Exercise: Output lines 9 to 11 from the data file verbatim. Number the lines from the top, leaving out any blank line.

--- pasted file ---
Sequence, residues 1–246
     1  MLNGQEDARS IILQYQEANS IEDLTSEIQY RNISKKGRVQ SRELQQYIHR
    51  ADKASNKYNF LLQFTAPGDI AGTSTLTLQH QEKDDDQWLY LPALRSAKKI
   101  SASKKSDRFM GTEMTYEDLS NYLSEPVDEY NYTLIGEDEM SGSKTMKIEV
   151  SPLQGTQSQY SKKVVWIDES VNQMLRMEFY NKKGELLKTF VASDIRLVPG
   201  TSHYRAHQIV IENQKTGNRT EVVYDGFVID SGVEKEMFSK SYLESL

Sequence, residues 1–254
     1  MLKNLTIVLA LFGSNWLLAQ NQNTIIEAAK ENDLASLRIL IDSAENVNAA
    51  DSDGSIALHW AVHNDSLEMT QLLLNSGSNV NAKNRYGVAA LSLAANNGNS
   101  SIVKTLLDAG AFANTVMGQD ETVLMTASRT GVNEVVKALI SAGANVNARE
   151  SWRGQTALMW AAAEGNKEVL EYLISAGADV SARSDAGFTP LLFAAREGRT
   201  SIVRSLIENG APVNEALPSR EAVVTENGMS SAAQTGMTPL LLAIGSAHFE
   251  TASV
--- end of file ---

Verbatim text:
    51  DSDGSIALHW AVHNDSLEMT QLLLNSGSNV NAKNRYGVAA LSLAANNGNS
   101  SIVKTLLDAG AFANTVMGQD ETVLMTASRT GVNEVVKALI SAGANVNARE
   151  SWRGQTALMW AAAEGNKEVL EYLISAGADV SARSDAGFTP LLFAAREGRT